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Former helicopter pilot buys Puyallup print shop

Loud, loyal, and (still) addicted to coffee

Keith Besherse (a.k.a. “Bald Guy” on social media). Photo credit: Adrienne Z. Milligan

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Eagle Scout and Retired Lt. Col. Keith Besherse first enlisted in 1988 as an Army infantryman assigned to a company of the 104th Division in Moses Lake. He was subsequently awarded an ROTC scholarship and graduated in 1992 with a Computer Information Systems degree from Northwest Nazarene University. In 2012, he earned a Master's in Adult Education with an aviation education focus from Trident University International.

Besherse and Dawn Davis, his wife, met while in college. She graduated in 1990 with a Speech and Hearing Pathology degree. As an avid quilter, she is always looking for the next project and is deeply involved in several community service activities. They have a 26-year-old son who is autistic.

Besherse recalls, "I was commissioned into the Army in 1992 as an aviation officer. I flew reconnaissance with the air cavalry of the 101st Airborne Division (Air Assault). As a major, I helped create and train a multi-role aviation battalion with support, medical evacuation, and cargo helicopters for deployment to Iraq with 25th Infantry Division. Most of my Army career was spent managing operations centers to coordinate and integrate the capabilities of many different units to achieve specific objectives."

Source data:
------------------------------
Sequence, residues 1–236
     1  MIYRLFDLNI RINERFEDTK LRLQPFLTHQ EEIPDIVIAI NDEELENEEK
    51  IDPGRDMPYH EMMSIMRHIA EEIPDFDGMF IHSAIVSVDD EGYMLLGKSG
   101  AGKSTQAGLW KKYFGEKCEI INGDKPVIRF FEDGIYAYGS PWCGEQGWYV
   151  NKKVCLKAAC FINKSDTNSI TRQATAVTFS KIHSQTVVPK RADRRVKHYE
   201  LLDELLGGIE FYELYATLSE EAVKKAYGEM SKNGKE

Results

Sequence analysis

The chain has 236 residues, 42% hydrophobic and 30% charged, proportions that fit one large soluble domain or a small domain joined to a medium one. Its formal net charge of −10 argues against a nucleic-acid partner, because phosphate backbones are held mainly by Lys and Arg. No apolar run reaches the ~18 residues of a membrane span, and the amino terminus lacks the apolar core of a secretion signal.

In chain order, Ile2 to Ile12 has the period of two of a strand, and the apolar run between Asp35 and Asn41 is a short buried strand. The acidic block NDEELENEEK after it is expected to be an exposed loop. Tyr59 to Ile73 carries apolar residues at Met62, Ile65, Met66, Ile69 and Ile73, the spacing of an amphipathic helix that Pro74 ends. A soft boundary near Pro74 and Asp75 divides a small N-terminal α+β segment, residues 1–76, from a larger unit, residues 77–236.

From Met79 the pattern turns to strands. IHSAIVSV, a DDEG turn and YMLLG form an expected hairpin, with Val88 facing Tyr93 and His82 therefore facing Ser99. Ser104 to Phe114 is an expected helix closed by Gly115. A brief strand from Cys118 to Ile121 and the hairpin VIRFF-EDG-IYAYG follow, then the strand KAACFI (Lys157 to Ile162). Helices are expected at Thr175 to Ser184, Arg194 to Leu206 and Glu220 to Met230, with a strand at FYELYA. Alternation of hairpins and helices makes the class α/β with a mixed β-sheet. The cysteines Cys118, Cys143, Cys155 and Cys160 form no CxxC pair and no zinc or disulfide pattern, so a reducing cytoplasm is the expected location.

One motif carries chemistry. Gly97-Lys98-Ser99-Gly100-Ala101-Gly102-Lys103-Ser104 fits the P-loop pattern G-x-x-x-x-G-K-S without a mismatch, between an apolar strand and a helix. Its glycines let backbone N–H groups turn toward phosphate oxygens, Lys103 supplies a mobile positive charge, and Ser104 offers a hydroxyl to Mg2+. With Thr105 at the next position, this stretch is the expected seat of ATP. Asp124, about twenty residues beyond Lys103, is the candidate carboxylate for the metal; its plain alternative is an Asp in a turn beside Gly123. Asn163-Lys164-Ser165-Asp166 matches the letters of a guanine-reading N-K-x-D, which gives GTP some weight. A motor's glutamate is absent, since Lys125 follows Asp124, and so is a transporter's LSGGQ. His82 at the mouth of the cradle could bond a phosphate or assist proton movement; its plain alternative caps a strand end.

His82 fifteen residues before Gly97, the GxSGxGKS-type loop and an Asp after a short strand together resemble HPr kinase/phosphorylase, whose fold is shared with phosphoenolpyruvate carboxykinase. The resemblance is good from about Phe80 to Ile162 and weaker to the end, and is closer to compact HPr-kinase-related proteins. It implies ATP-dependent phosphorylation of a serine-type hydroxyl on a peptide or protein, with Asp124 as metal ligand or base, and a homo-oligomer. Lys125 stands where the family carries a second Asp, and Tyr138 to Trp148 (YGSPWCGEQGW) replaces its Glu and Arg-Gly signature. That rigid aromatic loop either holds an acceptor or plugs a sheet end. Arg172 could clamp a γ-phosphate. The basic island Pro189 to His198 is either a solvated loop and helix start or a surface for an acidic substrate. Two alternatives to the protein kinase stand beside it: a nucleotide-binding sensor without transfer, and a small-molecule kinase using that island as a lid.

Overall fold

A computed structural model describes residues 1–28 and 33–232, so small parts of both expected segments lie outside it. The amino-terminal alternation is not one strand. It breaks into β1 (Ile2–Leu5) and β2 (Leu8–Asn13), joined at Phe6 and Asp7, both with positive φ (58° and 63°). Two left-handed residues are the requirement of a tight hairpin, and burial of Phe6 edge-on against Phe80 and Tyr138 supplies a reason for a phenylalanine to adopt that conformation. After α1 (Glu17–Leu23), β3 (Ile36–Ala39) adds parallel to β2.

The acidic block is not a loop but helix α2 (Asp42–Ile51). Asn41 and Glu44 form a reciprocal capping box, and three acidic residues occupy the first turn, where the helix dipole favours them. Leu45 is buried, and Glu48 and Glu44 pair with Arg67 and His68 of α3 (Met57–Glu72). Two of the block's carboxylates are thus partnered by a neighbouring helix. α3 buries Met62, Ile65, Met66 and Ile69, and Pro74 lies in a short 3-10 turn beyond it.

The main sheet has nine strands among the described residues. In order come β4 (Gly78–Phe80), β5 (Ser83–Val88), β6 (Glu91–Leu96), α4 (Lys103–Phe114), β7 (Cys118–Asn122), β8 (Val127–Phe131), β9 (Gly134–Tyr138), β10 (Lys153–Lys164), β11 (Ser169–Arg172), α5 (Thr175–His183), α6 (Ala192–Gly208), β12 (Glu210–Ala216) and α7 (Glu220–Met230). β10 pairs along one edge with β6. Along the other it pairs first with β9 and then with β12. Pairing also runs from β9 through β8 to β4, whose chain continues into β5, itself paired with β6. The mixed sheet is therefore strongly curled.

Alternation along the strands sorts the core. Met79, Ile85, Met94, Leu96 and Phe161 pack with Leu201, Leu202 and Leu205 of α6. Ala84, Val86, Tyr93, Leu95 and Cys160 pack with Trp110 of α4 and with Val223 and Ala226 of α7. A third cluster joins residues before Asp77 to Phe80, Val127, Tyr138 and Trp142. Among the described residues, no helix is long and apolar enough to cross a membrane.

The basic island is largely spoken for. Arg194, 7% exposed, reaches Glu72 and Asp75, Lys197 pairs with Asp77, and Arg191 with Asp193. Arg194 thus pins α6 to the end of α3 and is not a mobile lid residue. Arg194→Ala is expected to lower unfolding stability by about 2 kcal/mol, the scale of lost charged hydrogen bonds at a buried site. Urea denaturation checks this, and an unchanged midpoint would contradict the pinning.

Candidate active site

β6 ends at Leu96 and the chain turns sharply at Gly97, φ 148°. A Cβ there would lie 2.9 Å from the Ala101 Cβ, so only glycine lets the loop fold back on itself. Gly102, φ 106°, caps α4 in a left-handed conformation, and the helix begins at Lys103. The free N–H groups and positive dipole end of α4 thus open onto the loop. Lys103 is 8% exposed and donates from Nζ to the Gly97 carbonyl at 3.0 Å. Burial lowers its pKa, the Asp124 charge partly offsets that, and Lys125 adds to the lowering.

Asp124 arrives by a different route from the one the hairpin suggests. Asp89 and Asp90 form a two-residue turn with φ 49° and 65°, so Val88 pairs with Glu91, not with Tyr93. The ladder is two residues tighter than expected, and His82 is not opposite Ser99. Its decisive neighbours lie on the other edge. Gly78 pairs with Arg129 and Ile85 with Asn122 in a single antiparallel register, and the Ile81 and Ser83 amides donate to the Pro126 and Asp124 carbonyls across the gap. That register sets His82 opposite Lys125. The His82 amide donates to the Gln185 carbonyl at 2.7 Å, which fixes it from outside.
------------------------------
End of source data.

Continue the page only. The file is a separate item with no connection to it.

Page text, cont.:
When asked if the Army uniquely prepared him for going into business for himself, Besherse replied, "The Army, especially in my roles as a planner and directing operations centers, helped me learn to see which details were important and how to ignore the background noise. The Army teaches you how to show up in a new circumstance, assess the situation, and quickly become part of the solution. Who I meet and what we talk about is constantly changing. I have been trained to be flexible."

Besherse said, "Many of my peers still don't understand why I chose to own a very small company in a high-risk/low-margin industry instead of finding stable employment in government or a large company."

So why did he buy a print shop? He remarked, "At the time, I didn't know why. I had to be in it for three months before I knew why I was in it. We were doing a print job for St. Francis House -- Puyallup Valley. The print pieces we produce help them serve their customers -- the vulnerable and needy of our communities. What they do is important, that makes the print piece important, which makes what we do important."

He learned to be passionate about print after he was already committed to running the business.

As a business owner, he introduces his military connections to community members. Opportunities could be for possible employment, services needed, or volunteering.

Besherse's advice for those who want their own business: "It is a job. Some of the rewards are intangible. One advantage: No bureaucracy."

He continued, "My advice for all transitioning servicemembers is: ‘Go meet people.' You don't know what opportunities you will uncover. They say 80 percent of the job market is hidden (never advertised as a job opening). Don't take the linear path from MOS to job Y only because O Net says that job is what you are qualified to do. Explore, you might find a reason to be passionate about something you would never have considered. You are much more than an MOS. Be a gift to the world."

Minuteman Press, 2102 East Main Ave., #111, Puyallup, 253.841.3161,

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